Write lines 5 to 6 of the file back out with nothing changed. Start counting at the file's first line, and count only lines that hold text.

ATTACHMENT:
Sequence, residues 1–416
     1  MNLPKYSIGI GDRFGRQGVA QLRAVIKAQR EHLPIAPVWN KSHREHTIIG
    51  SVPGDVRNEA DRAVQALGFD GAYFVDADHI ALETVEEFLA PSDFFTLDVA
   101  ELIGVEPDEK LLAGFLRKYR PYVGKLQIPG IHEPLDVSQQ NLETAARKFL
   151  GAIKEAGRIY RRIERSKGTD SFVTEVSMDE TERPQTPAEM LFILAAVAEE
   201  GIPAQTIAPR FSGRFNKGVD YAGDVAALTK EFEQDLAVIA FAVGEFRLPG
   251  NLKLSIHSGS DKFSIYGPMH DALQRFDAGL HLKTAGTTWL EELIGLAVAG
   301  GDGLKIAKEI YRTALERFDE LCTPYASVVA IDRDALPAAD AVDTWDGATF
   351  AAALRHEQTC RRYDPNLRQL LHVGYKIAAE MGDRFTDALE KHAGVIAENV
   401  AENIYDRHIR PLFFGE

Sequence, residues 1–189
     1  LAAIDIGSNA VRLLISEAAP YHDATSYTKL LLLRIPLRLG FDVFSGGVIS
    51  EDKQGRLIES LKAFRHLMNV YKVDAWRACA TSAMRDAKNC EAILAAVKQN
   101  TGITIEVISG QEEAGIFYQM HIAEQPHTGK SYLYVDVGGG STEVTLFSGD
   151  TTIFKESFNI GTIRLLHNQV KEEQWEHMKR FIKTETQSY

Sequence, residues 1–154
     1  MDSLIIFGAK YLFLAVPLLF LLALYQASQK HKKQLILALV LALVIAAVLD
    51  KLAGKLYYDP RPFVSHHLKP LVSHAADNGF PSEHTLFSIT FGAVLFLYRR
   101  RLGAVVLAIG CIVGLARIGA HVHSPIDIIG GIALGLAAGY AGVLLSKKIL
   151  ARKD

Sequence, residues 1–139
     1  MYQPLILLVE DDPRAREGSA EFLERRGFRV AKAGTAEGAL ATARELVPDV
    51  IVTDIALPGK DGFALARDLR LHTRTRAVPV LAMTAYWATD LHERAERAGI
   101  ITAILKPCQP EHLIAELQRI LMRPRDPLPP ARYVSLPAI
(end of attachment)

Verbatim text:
   151  GAIKEAGRIY RRIERSKGTD SFVTEVSMDE TERPQTPAEM LFILAAVAEE
   201  GIPAQTIAPR FSGRFNKGVD YAGDVAALTK EFEQDLAVIA FAVGEFRLPG